Readers are being invited to submit their own articles to the BBC Scotland news website. Paul Hurst, from Manchester, visited Rosslyn Chapel, near Edinburgh, shortly before Tom Hanks began filming there this week on The Da Vinci Code, the novel which has sold millions of copies and caused controversy the world over.
FACT AND FANTASY COLLIDE AT ROSSLYN
It's strange to think that the answer to one of history's oldest mysteries may lie in a tiny chapel in Scotland but according to some, the strange marks on the wall and the even stranger 14th pillar may indicate the resting place of the most prized relic in all Christendom, the Holy Grail.
Lights, cameras, action... the stage is set at Rosslyn Chapel
It's the cup used by Christ at the last supper and the centre of endless myth and folklore tales.
In Dan Brown's book, the hero, Robert Langdon, jets all over Europe to try to unravel a religious code which has been hidden away within works of art and architecture.
Langdon is drawn into a world where the unfamiliar is hidden in the familiar and he is forced to look at some of the world's greatest works of art in a completely new way.
I won't spoil the story for those who haven't read the book, but part of Langdon's trail sees him visit this small chapel just south of Edinburgh.
It's a tiny place which looks quite unassuming from the outside but on the inside, the lavishly decorated interior holds a wealth of mysteries waiting for any "wannabe" code-breaker.
Moses seems to have horns, some of the angels are carved upside-down and there are numerous mason's marks scattered around the walls. They seem to be architectural graffiti, but could they symbolise something more?
The chapel has been linked with freemasonry along with a mysterious order of religious warriors called the "Knights Templar" who supposedly found the cup of Christ and buried it somewhere underneath or inside the chapel at Rosslyn.
Here the hushed worlds of secret societies and unearthed relics mix to find their final home at Rosslyn and according to some historians, this isn't by chance.
As the actors run between the ancient pillars, they are writing the newest chapter in the chapel's story
Some believe that the Knights Templar amassed many relics over the centuries, treasures which were hidden in key churches and chapels for protection.
When the order of the Templars was outlawed and its followers executed, some say that their secrets died with them, others claim that the secret societies left clues etched on the walls and in ancient manuscripts and works of art.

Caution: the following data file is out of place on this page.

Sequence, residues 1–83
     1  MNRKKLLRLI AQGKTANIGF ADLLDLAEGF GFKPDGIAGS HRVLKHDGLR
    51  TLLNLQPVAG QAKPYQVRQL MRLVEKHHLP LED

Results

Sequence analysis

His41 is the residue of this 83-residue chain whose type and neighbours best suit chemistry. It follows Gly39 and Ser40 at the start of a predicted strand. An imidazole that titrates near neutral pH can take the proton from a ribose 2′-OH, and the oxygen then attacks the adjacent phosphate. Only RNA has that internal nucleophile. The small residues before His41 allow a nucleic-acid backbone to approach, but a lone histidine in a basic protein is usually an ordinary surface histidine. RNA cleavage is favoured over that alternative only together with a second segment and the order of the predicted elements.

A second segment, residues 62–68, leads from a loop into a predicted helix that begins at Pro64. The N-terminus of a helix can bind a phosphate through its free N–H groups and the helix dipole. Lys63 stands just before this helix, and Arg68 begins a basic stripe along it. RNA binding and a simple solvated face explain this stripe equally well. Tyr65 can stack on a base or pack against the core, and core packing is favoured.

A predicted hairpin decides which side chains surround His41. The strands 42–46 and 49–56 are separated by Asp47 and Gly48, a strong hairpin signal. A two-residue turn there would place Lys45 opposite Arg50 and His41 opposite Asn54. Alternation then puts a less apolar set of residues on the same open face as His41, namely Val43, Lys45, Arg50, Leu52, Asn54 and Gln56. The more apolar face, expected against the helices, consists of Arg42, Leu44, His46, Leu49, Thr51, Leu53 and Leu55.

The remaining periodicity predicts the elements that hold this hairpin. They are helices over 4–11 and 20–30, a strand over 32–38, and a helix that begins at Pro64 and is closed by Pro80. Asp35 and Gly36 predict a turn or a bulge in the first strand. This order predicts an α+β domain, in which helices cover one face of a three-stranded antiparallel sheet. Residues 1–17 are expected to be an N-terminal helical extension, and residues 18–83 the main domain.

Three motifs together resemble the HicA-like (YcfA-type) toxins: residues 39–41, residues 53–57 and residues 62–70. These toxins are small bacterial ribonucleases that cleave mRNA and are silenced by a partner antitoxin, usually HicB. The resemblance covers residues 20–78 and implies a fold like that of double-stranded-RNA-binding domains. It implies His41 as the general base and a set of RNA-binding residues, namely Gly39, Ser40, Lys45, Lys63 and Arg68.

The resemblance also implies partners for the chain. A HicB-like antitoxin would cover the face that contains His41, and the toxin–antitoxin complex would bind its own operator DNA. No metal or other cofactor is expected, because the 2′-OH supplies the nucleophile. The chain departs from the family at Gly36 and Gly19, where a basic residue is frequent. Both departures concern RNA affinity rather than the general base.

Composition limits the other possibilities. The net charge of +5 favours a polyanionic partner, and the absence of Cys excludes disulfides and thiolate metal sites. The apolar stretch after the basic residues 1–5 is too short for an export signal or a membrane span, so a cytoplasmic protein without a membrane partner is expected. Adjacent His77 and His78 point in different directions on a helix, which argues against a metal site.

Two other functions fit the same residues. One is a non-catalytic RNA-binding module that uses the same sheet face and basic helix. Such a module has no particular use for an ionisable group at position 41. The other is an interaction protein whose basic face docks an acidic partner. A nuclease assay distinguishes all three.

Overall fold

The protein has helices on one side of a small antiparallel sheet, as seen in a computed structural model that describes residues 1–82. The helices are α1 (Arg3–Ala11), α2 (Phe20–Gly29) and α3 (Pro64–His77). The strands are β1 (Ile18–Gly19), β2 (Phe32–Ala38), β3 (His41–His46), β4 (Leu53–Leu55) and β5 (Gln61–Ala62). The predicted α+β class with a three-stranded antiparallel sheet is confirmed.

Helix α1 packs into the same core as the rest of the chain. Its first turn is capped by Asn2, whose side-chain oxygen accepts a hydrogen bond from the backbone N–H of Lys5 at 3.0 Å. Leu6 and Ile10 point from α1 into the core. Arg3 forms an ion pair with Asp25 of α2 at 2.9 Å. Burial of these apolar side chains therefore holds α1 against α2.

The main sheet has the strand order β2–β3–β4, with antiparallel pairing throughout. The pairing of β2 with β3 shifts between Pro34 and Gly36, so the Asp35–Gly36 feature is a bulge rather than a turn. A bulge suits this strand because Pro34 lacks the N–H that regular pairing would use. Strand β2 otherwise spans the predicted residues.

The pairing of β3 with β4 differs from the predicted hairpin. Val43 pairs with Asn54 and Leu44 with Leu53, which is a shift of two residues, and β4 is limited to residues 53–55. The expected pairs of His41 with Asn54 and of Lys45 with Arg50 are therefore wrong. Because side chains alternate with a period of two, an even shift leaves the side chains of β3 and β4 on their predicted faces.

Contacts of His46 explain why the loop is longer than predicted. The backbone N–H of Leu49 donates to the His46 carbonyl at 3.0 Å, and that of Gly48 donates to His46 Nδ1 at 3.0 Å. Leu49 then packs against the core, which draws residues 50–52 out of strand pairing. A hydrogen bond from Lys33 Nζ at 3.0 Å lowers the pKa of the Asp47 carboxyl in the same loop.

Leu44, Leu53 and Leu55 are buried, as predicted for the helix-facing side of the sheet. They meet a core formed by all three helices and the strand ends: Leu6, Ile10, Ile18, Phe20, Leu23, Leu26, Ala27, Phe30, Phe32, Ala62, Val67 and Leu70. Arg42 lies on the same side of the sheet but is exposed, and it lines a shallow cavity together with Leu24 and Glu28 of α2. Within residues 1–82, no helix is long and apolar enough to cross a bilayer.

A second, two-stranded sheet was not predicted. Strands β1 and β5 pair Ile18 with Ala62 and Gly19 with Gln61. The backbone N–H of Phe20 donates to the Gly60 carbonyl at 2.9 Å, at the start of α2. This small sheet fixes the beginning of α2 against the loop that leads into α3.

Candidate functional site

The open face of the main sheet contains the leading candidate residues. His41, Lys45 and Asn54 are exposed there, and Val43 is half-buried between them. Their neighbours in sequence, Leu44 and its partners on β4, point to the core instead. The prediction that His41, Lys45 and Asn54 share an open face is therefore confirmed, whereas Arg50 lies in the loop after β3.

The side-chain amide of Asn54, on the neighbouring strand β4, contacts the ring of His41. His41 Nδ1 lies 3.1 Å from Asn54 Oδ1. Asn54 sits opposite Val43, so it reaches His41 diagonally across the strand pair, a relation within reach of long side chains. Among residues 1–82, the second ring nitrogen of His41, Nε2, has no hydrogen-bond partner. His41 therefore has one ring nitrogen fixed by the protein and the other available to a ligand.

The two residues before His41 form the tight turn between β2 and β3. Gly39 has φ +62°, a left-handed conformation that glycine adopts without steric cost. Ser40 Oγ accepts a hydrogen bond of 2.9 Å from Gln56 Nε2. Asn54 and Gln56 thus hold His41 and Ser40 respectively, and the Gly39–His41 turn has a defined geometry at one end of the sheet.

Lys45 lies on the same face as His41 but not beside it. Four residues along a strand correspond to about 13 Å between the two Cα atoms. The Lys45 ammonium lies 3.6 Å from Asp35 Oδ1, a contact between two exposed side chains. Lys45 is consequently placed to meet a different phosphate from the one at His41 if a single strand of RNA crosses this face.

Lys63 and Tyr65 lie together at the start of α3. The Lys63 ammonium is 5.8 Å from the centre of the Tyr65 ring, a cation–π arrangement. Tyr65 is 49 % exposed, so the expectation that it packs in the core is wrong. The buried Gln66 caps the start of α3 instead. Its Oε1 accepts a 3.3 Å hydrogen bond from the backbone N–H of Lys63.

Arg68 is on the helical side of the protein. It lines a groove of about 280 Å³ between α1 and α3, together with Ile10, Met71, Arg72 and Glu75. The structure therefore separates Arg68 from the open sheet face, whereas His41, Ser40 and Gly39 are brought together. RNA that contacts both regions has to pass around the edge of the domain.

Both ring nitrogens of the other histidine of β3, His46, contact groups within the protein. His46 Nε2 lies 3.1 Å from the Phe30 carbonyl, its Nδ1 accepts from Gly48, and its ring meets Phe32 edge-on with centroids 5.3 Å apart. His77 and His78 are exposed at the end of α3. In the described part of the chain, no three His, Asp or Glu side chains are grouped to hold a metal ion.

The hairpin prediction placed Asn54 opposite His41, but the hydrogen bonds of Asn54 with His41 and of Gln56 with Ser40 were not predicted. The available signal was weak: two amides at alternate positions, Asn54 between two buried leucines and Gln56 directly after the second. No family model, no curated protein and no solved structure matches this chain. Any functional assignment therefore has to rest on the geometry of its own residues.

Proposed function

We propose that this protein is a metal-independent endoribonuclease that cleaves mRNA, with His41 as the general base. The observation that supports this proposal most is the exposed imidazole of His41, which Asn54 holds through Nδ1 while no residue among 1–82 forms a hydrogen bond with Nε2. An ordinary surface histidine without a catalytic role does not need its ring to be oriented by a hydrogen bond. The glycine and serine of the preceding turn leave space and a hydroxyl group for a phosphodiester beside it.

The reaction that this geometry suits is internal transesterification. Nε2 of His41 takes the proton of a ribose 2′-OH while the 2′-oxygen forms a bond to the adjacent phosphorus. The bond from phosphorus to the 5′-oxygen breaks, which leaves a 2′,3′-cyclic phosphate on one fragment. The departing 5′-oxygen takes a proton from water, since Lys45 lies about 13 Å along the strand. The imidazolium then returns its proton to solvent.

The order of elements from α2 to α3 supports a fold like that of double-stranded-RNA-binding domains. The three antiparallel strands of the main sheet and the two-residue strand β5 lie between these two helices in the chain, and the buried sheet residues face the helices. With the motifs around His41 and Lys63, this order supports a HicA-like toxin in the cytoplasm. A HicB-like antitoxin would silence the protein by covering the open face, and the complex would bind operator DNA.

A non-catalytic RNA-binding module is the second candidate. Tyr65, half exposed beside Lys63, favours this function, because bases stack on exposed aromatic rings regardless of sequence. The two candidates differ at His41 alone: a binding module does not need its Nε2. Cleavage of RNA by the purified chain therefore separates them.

To such an end, treasure hunters have almost taken the chapel apart, piece by piece, looking for either the Ark of the Covenant, the cup used by Christ at the Last Supper or even manuscripts said to be written by King Solomon himself. They have found nothing.
The ornate interior of the chapel has been pored over by visitors
As I wandered round, my mind was caught somewhere between folklore and my personal beliefs. Everyone loves a great mystery and even though I don't subscribe to Dan Brown's "facts" on which he bases his novel, it's amazing to see how some parts of church history blend easily with shadowy figures, lurking precariously between fact and fiction.
I wasn't the only person wondering around the chapel. Along with the solitary American "Brownie" tourist, security guards occasionally popped in to check that studio lights and equipment were still in place.
So once again at Rosslyn, fantasy invades reality and what an ideal setting.
As the actors run between the ancient pillars, they are writing the newest chapter in the chapel's story.
A tale which started centuries ago. A story not written with words, but strange etchings on stone which in some ways, contain more than words ever could.
This article was first published in a slightly longer form on Paul's blog.
The views expressed in this article are those of the author alone and are not endorsed by the BBC.